‘My dog’s eyes tell me I’m powerful’: it was not until the second half of her life that she drew more explicit visual connections between herself and the dog.  In the playful photographic collage ‘The Artist as a Dog’ (1967), Tanning reclines on a chequered chaise longue and clings to a small black dog in her arms. She has the head of a Pekingese dog, a photograph cut and pasted to cover her own, which gazes out and blankly away from the scene as if in dream. Tanning described her repeated depiction of canines as ‘a state of mind’, a way of communicating a profound retreat into contemplation. The dark, round, impassive eyes become her own, as she enters her imagination to open one of the many doors set ajar to startling new worlds.
Dorothea Tanning, Tate Modern, 27 February - 9 June.
 Dorothea Tanning, Birthday (San Francisco: The Lapis Press, 1986), pp. 169-170.
 Dorothea Tanning, ‘Dorothea Tanning’, Bomb, 33 (1990), 36-41, (37).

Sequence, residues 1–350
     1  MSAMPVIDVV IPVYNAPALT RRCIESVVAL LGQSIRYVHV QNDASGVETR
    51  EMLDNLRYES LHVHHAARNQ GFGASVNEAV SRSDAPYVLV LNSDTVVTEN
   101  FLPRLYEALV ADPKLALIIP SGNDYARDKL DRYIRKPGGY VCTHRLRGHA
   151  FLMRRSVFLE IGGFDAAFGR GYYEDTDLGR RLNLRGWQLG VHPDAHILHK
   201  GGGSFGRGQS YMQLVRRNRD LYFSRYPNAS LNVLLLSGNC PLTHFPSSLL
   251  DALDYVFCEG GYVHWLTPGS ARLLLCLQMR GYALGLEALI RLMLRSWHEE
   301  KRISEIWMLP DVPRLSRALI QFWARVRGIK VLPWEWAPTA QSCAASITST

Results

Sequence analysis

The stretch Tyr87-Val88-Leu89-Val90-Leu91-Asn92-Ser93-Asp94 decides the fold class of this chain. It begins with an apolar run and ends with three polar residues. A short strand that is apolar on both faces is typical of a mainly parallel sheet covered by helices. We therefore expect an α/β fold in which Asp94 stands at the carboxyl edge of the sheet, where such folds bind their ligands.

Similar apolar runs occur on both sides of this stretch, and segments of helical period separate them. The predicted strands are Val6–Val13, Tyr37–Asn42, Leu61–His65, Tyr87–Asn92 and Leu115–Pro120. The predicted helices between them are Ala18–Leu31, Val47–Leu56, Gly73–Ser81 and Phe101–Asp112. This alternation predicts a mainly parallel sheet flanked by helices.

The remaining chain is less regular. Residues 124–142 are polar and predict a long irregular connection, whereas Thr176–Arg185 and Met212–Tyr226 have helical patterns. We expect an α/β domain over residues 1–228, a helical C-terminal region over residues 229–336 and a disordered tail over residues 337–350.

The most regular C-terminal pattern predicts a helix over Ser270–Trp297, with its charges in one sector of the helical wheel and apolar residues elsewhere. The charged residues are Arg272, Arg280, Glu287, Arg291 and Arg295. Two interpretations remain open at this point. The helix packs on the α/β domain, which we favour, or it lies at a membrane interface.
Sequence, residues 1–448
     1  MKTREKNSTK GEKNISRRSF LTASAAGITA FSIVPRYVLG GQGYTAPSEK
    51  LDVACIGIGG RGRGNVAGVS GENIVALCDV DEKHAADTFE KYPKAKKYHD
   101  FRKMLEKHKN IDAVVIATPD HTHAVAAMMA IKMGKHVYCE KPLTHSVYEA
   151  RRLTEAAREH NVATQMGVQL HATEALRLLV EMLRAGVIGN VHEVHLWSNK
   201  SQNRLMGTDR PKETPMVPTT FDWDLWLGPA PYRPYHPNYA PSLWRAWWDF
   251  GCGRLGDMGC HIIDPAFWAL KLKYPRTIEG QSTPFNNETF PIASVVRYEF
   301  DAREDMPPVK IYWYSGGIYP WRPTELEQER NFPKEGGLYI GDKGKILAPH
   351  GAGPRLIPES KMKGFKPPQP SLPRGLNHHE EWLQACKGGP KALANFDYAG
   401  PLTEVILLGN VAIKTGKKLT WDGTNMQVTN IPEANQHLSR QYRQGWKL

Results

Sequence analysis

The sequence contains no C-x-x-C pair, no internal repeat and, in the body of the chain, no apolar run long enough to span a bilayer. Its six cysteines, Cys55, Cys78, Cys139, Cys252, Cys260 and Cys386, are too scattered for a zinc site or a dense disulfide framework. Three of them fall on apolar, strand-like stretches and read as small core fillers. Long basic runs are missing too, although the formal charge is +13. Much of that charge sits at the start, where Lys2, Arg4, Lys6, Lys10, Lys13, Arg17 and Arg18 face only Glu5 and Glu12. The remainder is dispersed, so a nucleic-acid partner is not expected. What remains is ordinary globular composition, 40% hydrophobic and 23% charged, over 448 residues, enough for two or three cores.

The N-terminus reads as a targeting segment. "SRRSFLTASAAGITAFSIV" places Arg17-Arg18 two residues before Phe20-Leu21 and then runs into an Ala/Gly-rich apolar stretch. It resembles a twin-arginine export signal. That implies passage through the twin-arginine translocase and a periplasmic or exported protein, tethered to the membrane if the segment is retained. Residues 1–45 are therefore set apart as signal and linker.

Samantha Kavky, ‘Max Ernst in Arizona: Myth, mimesis and the hysterical landscape’, RES: Anthropology and Aesthetics, 57/58 (2010), 209-228 (210). In a 1942 photograph taken by James Thrall Soby, ‘Max Among Some of His Favourite Dolls’, Ernst gazes down benevolently at his collection of dolls, and in another he cradles them like a father. Lee Miller also photographed Ernst in 1946 wearing a ‘Kachina’ mask.
 Dorothea Tanning, ‘Wisdom Tinged with Joy’ (2006)
 Dorothea Tanning, Dorothea Tanning: Hail Delirium! (New York: New York Public Library, 1992), p. 89.
 Dorothea Tanning, Birthday (San Francisco: The Lapis Press, 1986), p. 175.
 Linda Nochlin, ‘Old-Age Style: Late Louise Bourgeois’, in Women Artists: The Linda Nochlin Reader, ed. by Maura Reilly (London: Thames & Hudson, 2015), pp. 383-394, p. 387.
 Dorothea Tanning, [c.1993], qtd in Alyce Mahon, ‘Life is Something Else: Chambre 202, Hôtel du Pavot’, in Dorothea Tanning, ed. by Alyce Mahon (London: Tate, 2018), pp. 53-67 (p. 57).
 Dorothea Tanning, ‘Sybaris 1972’, Western Humanities Review, Vol. 57, no. 1 (Spring 2003), p. 10.
Natalie Ferris is a writer, editor and researcher based in Edinburgh. She is currently finalising her first monograph, Abstraction in Post-War British Literature 1945-1980 (forthcoming, OUP).